Peter Welker’s ‘Sidemen’ Project Is Among The Best Of 2021’s New Overall Albums

Courtesy: Summit Records

Musician-composer Peter Welker has had quite the career over the course of his adult life.  His resume includes work with the likes of Al Jarreau, The Pointer Sisters, Buddy Miles, and even Bob Dylan and Jerry Garcia.  His work with those famed musicians makes up only a portion of the noted expansive resume. He added even more to that resume last month with the release of his latest project, Sidemen.  Released Aug. 6 through Summit Records, the 11-song record features guest appearances from Tony Levin, Pete Levin, Tom Scott, Bill Champlin, and Steve Morse and features an interesting mix of originals and covers.  Among the most notable of the record’s featured originals is the record’s only work with vocals, ‘You’re Gonna Let It Happen.’  This song will be discussed shortly.  ‘Creepin’ Up’ is another of the record’s notable originals and will be examined a little later.  The cover of Jimi Hendrix’s ‘Third Stone From The Sun’ is the most notable of the record’s covers.  It will also be discussed later.  All three songs show in their own way how much the record has to offer.  When they are considered along with the rest of the featured compositions, the whole makes the record another successful offering from Welker.

Peter Welker’s latest studio recording as a band leader, Sidemen, is a presentation that will appeal to a wide range of audiences; this despite it being released through a label that is largely known for handling jazz records.  The record succeeds through its blend of originals and covers.  Among the most notable of the record’s originals is its only track that features vocals, ‘You’re Gonna Let It Happen.’  Co-written by Welker and Bill Champlin, the song’s lyrical content features a relatively familiar topic that is accessible in its own right.  It is a song sung by a man who is determined to get a woman to emotionally let him in and accept him in general, no matter how long it takes and what it takes.  He is determined to find out what will appeal to her so that she will like him.  It makes the song one of those works that would be a good fit in any relationship’s formative days.  It is just one part of what makes the song work, too.  The composition’s musical arrangement builds on the appeal formed by the song’s fully accessible lyrical theme to make the song that much more engaging and entertaining.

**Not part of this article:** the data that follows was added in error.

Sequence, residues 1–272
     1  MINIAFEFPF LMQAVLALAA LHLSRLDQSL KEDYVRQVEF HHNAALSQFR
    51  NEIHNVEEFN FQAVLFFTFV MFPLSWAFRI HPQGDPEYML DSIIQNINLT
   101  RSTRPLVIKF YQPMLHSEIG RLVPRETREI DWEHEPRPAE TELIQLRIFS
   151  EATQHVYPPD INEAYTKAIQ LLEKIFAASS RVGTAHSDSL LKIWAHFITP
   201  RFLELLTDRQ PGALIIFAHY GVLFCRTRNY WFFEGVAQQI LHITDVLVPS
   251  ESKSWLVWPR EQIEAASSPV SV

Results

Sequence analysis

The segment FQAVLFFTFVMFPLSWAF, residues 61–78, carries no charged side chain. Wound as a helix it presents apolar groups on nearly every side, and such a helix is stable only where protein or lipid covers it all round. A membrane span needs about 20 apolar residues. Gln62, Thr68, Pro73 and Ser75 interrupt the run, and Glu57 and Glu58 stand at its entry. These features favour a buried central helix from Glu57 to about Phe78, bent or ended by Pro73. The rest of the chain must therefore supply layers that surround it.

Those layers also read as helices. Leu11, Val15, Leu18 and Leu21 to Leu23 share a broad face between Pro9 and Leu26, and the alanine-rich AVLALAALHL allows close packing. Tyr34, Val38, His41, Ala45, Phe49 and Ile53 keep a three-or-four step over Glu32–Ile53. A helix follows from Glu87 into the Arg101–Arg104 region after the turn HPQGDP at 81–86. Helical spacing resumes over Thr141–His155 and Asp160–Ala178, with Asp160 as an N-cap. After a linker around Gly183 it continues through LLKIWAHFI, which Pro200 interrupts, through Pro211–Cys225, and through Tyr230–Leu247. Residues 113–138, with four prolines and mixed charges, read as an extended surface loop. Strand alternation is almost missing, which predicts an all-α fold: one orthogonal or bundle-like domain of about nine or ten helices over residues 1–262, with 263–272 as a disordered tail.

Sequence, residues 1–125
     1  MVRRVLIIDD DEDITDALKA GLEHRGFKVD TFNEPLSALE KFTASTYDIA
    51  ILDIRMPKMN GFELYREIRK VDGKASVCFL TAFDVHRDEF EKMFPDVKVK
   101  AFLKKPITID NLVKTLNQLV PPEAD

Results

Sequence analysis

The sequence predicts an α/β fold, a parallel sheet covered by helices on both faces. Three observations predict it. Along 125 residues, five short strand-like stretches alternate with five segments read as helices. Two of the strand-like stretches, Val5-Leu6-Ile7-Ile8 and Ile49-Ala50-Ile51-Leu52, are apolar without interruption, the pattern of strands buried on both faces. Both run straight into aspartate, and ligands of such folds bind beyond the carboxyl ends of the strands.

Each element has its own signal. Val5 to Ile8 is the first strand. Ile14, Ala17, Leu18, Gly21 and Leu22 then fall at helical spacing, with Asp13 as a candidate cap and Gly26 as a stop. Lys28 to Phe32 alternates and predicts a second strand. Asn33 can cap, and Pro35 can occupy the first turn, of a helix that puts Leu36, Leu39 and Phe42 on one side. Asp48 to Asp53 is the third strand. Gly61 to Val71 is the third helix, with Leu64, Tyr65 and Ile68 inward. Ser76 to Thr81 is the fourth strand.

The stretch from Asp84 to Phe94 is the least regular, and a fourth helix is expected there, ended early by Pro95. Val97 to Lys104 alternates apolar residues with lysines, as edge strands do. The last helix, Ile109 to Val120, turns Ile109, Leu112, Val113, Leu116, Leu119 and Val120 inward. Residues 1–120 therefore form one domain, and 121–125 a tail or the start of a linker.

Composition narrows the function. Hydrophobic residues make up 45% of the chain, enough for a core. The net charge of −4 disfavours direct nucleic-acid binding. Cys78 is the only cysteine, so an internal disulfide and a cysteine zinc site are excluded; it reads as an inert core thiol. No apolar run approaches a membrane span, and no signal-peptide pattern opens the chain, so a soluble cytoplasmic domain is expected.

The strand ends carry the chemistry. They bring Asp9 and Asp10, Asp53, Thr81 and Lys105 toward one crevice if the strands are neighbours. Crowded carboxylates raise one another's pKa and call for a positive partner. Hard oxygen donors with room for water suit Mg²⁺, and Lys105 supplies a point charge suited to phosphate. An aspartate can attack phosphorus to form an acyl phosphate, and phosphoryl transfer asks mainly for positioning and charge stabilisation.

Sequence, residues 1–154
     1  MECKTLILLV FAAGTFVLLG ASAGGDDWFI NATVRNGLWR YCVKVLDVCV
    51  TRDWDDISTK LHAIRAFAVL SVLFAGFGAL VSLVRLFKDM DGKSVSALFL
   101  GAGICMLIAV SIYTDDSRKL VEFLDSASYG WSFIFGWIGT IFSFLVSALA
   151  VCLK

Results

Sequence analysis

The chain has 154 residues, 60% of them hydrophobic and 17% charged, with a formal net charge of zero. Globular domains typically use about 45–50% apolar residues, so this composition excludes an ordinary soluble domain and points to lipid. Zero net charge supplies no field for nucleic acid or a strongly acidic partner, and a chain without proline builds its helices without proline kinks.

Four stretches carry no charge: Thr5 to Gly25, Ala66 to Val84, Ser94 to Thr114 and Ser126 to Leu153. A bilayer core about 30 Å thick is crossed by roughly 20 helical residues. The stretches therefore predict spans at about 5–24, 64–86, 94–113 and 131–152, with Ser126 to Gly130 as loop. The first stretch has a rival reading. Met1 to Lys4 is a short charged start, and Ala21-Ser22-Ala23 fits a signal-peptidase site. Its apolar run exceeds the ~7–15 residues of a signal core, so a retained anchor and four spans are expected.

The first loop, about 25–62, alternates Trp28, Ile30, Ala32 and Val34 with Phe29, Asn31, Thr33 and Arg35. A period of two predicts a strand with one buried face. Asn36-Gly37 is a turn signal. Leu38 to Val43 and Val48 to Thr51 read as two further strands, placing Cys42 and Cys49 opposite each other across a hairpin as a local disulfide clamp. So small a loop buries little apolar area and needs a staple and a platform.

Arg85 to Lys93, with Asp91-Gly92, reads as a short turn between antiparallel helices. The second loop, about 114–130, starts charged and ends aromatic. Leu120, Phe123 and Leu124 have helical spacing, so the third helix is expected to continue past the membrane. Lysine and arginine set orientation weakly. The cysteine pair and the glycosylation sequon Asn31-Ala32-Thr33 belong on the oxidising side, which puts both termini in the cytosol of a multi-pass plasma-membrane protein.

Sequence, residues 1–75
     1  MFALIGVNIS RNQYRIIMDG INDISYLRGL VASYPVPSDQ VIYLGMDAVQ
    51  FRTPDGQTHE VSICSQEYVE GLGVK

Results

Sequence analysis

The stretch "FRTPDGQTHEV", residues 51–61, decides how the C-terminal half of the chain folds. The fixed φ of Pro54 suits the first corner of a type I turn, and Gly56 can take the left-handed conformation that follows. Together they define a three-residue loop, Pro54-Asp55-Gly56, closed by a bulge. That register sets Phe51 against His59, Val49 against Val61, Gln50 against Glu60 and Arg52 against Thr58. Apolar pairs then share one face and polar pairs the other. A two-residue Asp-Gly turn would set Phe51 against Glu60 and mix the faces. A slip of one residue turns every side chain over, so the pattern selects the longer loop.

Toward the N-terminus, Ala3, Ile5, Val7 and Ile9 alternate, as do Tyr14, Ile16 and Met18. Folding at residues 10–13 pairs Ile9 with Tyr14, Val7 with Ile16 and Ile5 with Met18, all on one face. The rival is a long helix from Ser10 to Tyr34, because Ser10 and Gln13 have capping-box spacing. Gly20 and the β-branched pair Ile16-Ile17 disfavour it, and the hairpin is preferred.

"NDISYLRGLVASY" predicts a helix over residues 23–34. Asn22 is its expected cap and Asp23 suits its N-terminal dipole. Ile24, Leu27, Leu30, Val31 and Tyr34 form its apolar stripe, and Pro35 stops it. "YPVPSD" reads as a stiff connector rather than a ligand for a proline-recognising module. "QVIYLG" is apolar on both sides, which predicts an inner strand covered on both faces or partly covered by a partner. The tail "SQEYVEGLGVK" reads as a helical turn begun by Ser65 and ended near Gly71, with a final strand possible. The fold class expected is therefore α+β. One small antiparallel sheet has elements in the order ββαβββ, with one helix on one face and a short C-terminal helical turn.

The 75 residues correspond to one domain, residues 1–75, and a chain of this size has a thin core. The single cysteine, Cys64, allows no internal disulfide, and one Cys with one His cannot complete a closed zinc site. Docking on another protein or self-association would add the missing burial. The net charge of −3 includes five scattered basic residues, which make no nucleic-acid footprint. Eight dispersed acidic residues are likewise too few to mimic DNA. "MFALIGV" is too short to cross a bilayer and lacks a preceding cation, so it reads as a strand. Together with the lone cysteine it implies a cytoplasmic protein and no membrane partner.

The musical arrangement featured in this song, is a relaxed but funky composition.  The use of the horns — including saxophonist Tom Scott’s solo – alongside the steady, solid time keeping from Todd Tribble and musical spice from organist Bill Champlin makes the arrangement so fun.  Not only does Champlin handle the B-3 organ here, but he also handles vocal duties.  His dirty, gritty vocals are so rich in their presentation, adding even more to the presentation, especially when he hits those high notes.  The collective of all involved along with them makes this song’s musical arrangement fully immersive and entertaining.  It is just one of the songs that makes the album so fun, too.  ‘Creepin’ Up’ is another notable original featured in this album.

‘Creepin’ Up’ stands out because its arrangement, is an interesting balance of old and new.  The song’s opening bars come across as a sort of throw back to the fusion sounds of Weather Report.  That sound lasts only a brief moment, though.  From there, Greg Johnson’s work on saxophone and the work of his fellow horn players conjures thoughts of the jazz sounds that were so popular in the 80s.  Meanwhile, David K. Matthews’ work on piano gives the song a lighter touch, making it a little more widely accessible as he breaks through the jazz subgenre boundaries.  His work along with that of Tribble on the drums and that of the rest of the collective makes this song so unique against its counterparts.  The whole becomes a surprisingly infectious work that is so smooth and light at the same time.  It is just a wonderful addition to the album that further exhibits what makes the album so engaging and entertaining.  It is yet another example of the album’s strengths.  The cover of Jimi Hendrix’s ‘Third Stone From The Sun’ is the most notable of the record’s featured covers.